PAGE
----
Introducing… Dutch Leonard

When a person thinks of knuckleball pitchers the last thought on their mind is a man of accuracy.  Not only did Dutch Leonard have impeccable accuracy for a knuckleballer but he had exceptional accuracy in general.  The longtime Washington Senator once teamed in a rotation with Mickey Haeffner, Roger Wolff and Johnny Niggeling–all knuckleball pitchers.

Dutch got his first Major League look with the Brooklyn Dodgers in 1933.  The following year, his first full Major League season, he won 14 games and averaged just 0.179 walks per inning pitched.  He wasn’t the type of pitcher that had to hone his accuracy at the highest level–he had it upon his debut.  His average was better than Hall of Famers Waite Hoyt (0.225), Dizzy Dean (0.240) and Lefty Gomez (0.340).

Brooklyn skipper Casey Stengel used Dutch in the bullpen in 1935 and he topped the National League in saves.  It wasn’t until the Washington Senators selected him in the Rule Five Draft that Dutch became a starter.  Inserted into the Senators rotation in 1938, Dutch tied for second in the shutouts department.  The following year he went 20-8 and finished seventh in MVP voting.  Although he trimmed his ERA in 1940, Dutch nevertheless led the AL in losses that year saddled to a rather poor Washington club.

Dutch bounced back to win 18 games in 1941 while tying for second in the junior circuit in shutouts.  The Senators were hit hard by the draft for World War II, losing stars like Cecil Travis and Buddy Lewis early, but they lost Dutch to injury in 1942.  The Senators finished dead last in 1944 but Dutch still mustered 14 wins for the lowly club.  Still showcasing pinpoint control, Leonard averaged just 0.162 walks per inning.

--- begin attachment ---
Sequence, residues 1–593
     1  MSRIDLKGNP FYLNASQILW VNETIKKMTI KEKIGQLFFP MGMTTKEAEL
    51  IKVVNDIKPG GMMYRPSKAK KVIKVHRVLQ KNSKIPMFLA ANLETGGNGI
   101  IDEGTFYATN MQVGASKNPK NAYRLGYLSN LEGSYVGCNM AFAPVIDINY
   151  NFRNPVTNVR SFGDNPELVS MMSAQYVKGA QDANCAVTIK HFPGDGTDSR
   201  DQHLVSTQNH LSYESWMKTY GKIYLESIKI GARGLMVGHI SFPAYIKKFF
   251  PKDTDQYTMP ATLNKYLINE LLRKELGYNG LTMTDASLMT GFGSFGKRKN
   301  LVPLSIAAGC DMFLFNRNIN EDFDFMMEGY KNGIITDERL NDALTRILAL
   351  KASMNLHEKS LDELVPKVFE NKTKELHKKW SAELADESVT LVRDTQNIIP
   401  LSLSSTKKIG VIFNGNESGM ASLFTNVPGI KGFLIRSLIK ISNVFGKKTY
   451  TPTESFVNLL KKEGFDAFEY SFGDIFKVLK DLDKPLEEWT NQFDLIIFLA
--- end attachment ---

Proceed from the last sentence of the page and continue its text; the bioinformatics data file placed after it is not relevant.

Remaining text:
The Senators turned things around in 1945 with their knuckleball heavy rotation.  Dutch finished the season 17-7 with a 2.13 ERA but the Senators failed to catch the Tigers at the end of the year and were spectators come October once again.  When the players came back from the war, Dutch still flourished.  In 1947 he won 17 games on a 2.68 ERA for the Phillies who acquired him before the start of the season.  But the Phillies were even more lowly than the Senators and Dutch paced the NL with 17 losses in 1948 despite a flattering ERA of 2.51.

Dealt to the Cubs for the 1949 season, the 40-year-old Leonard tossed 180 innings for Chicago.  He followed up that campaign by posting a .833 winning percentage for the Cubs in 1950.  Although he was a grizzled veteran, Leonard still possessed a fine knuckler and kept his ERA down in 1951 to a team best 2.63.  He trimmed his ERA even further the following year to 2.15–saving eleven games out of the Cubs pen.  In his final year in the Majors, the 44-year-old Leonard finished fourth in the NL in the saves department.


W 191/L 181/PCT .513/G 640/CG 192/IP 3,220/H 3,304/BB 737/SO 1,170/SHO 30/ERA 3.25

  1. brettkiser said:

    An innings eating knuckleballer, Dutch Leonard played for some pitiful teams and his unflattering career winning percentage proves this. He pitched in an era known more for its hitting and fashioned a terrific 3.25 career ERA. But HOF voters have always cared more about a pitcher’s record than his actual ability to pitch and in that, Leonard was superior to many HOF pitchers of the 1930s. His HOF chances are weak, however.

  2. Rod said:

    Fresno High graduate…along with Franch Chance, Tom Seaver, Jim Maloney, Dick Ellsworth, Pat Corrales, Dick Selma, and Bobby Jones…..Fresno high produced great pitchers…go Warriors!

  3. Dan Leonard said:

    Dutch pitched 20 years in the majors. Was selected to 6 all star teams, 1-Nat.and 5-Amer. Started and was winning pitcher of the ’43 All Star game. Has a lifetime era of 3.25, which is better than HOF’rs Lefty Gomez, Chas Ruffing, Herb Pennock and ties Bob Feller. Won more games than Lefty Gomez, Allie Reynolds, and 40 more than Dizzy Dean, all HOF’rs. Dutch’s only problem was that he played 20 years in the majors with 2nd division clubs. He deserves to be in the HOF!

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